A Guide For Getting Into: The Tubes

Published on November 29th, 2009 in: Issues, Music, Retrovirus |

By Matt Keeley

I have many things to thank SCTV for in my life. Mostly, all the great sketch comedy and showing me how it should be done. But there’s something else: my Tubes fandom.

album the tubes

At the tender age of seven (or thereabouts), I saw the SCTV episode that featured the Tubes, and, well, I was hooked. It did take me a long time to buy one of their albums—as a seven-year-old, I didn’t have the pocket change (or attention span to really enjoy listening to albums), but it was in the back of my mind forever.

A few years later, I saw a copy of the self-titled Tubes album at a used book and record store. Again, I came close to picking it up; it was on vinyl, and my parents had finally gotten their turntable fixed so I had something to listen to it on. Until then, I’d just listened to cassettes, but my interest in the turntable prodded them into picking up a new drive band. . . to, um, replace the one I broke while experimenting with the player a couple years before that. My dad DID buy a new copy of his favorite Traffic album, but they never did anything for me. Me, I should have got the Tubes record, but I was pretty committed to buying a whole bunch of books, and so I got a whole bunch of books. I can be pretty single-minded when I want to be.

And a few years after that, while I was in high school, I was at Tower, and after not being able to find what I was looking for the whole “HEY! The Tubes! You saw them on SCTV and they ruled!” thought smacked me in the head, so I went to the end of the Ts. At the time, the only albums in print still were two of the A&M records: the aforementioned self-titled debut and their last for the label, Remote Control. I grabbed both of them, and, finally having followed through on my former seven-year-old self’s realization, I started tracking down the rest of the albums.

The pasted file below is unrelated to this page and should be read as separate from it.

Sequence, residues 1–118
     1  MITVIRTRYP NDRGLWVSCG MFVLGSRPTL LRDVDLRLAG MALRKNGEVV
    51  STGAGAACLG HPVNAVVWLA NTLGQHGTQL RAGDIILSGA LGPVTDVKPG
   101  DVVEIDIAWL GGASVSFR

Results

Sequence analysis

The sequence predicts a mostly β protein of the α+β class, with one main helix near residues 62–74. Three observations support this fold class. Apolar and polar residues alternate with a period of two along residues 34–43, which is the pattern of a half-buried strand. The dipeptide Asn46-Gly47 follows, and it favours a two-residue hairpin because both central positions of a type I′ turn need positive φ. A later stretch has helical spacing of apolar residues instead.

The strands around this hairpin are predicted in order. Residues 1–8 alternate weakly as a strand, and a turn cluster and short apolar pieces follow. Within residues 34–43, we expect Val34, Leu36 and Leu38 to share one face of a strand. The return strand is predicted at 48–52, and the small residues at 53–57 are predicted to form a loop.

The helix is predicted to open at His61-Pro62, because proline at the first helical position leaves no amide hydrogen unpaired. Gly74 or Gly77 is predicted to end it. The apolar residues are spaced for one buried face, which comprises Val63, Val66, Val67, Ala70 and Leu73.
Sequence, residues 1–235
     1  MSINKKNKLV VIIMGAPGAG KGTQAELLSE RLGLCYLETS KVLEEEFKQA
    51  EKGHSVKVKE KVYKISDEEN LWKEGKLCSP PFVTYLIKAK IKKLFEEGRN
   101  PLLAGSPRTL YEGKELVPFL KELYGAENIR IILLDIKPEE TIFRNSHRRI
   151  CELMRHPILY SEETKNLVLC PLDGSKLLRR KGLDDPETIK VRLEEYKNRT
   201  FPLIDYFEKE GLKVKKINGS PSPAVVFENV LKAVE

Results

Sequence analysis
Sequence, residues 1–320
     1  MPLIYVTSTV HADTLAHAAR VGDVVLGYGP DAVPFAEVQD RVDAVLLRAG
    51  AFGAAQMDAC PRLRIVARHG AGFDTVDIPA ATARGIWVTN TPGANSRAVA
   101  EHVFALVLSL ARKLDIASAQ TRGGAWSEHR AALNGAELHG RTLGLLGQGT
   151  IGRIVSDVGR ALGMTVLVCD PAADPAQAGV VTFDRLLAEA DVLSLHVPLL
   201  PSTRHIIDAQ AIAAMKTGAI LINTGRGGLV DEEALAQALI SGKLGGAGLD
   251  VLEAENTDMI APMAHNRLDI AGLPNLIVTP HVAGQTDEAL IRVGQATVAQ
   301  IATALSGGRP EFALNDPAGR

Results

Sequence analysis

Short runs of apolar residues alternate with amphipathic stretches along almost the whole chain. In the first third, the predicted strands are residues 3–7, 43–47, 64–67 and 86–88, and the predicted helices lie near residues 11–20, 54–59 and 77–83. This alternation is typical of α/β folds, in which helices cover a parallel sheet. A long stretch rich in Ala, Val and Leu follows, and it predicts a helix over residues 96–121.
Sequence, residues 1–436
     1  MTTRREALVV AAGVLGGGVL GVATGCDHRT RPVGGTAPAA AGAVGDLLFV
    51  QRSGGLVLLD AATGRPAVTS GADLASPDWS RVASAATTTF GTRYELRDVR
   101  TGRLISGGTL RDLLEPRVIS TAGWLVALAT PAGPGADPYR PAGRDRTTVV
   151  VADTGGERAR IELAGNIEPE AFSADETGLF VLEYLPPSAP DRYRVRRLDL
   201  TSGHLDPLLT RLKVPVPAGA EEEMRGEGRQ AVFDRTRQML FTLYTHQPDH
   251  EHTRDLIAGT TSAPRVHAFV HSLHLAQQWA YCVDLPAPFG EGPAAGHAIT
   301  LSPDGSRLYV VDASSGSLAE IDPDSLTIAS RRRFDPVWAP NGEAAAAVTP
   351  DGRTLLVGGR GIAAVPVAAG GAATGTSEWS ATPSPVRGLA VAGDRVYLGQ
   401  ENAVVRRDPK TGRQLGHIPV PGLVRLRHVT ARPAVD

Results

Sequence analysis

Luckily, What Do You Want From Live? was in print in the UK, so I imported that one, along with the three albums they did for Capitol records, The Completion Backward Principle, Outside Inside, and Love Bomb. And, eventually, I found the other two A&M ones, Now and Young & Rich on vinyl, so I had the complete set. (Though I have Genius of America, I’ve never made it all the way through.)

I noticed immediately that the Tubes records are separated into distinct eras, easily identifiable, as it turns out, by the label they were recording for. My preference is for the A&M era. While the Tubes never lost their sense of humor, it’s most prevalent on these records, and they just seem more fun.

Of the Capitol era, their debut, The Completion Backward Principle, is their best, but also the source of their most success. And as Capitol kept demanding more Principles, you could hear the fun being sucked out of the band as they were encouraged not to write musical projects but musical product.

quay lewd and band
Fee Waybill as “Quay Lewd”
performing with the rest of The Tubes, London 1977
Photo © The Tubes Project

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2 Responses to “A Guide For Getting Into: The Tubes”

  1. Tony Ruiz:
    January 16th, 2012 at 12:01 am

    I still have The Tubes self titled album and Young and Rich, of course in Vinyl. I feel those were the best from the Tubes and maybe the “real” music the way the Tubes wanted it. “What Do You Want From Life”, “Dont Touch Me There”, “White Punks On Dope” are still timeless classics to me.

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    […] the Tubes once sang, TV is king — and television in 2015 is no exception. There were a ton of great series […]

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